Trained air traffic controllers, some of them off-duty active controllers or already retired, run the simulation through radar scopes on their computer screens. They are available 18 hours a day. No need to schedule or let them know what you’re doing; just fire up and go. The only area currently available for the service is Southern California, which is fine considering that it includes some of the most complex airspace in the world.
While anyone with a computer can join Pilotedge and practice at will, some of the greatest benefits come during simulator training with an instructor. Aero Safety Training at the Lincoln Park Airport in New Jersey is one of the first schools in the country to install Pilotedge on its Redbird Flight Simulator. Chief CFI Matt D’Angelo says that if the simulator is running, Pilotedge is running with it 95 percent of the time.
“It helps with all the new SRM [single-pilot resource management] issues, especially situational awareness,” D’Angelo said. The need for situational awareness is evident when the student can both see other Pilotedge traffic on the visual display of the Garmin G1000’s TIS, and hear them on the radio. Because of the benefits, Aero Safety Training uses it for much more than simply calling the tower for takeoff prior to a lesson on stalls or other air work. “It’s great for airport signage,” he said. “We’ve even done taxi-only lessons.” The ability to gain confidence by flying in to Los Angeles International Airport in a nonthreatening environment is too enticing for many students to pass up.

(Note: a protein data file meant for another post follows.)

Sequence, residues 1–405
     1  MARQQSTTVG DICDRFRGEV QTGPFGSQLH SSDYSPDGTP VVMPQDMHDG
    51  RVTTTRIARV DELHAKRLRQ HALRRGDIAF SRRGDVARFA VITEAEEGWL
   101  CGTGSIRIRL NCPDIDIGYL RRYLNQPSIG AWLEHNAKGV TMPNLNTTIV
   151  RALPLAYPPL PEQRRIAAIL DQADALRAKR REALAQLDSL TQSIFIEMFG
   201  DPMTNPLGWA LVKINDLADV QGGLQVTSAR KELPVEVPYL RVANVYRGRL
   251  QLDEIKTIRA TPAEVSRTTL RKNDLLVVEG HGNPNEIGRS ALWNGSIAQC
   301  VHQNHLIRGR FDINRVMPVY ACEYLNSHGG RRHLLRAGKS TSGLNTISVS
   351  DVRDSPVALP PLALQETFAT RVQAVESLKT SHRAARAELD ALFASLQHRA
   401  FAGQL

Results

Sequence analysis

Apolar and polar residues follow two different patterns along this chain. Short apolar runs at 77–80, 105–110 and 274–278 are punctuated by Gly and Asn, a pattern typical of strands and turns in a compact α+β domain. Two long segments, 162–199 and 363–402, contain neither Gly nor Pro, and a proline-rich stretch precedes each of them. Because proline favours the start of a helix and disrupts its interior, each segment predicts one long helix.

Nick Nicastro was at Aero Safety Training the day we visited. Nicastro has been “flying” since he was maybe 7 or 8 years old. He even learned to fly IFR before VFR. All this was done through simulation. Now 15, Nicastro can’t yet solo, but he can fly the simulator all around the Los Angeles basin, interacting with air traffic control as he goes. “I get in the sim once a day, at least,” he says. That includes his home setup, which he uses to supplement his flight school experience.
It’s common knowledge among instructors that airplanes are great teachers but lousy classrooms. Programs such as Parrot and Pilotedge provide the same caliber of teacher, but in a much better classroom. Yet, many instructors and flight schools continue to bemoan simulation strictly for the fact that students can’t log all the time.
Pilotedge creator Keith Smith obviously feels differently. “Logability isn’t the key,” he says. “Reducing the cost to train is the issue.” That narrative is starting to make headway into the flight training market, but it’s taking time. For his part, D’Angelo said Aero Safety Training is trying to get Pilotedge in its approved Part 141 curriculum and create a syllabus that calls for certain lessons to be in the simulator and certain lessons to be in the airplane, regardless of logability or weather. He said students are already doing their first tower work in the simulator in Southern California, which requires them to use charts, plan ahead, and do everything else that’s required in the airplane.
After learning proper pilot-speak and practicing in the virtual world, the only thing to do is perfect your authoritative, yet calm pilot voice. No technology yet exists to help with this, unless you count cocktail parties.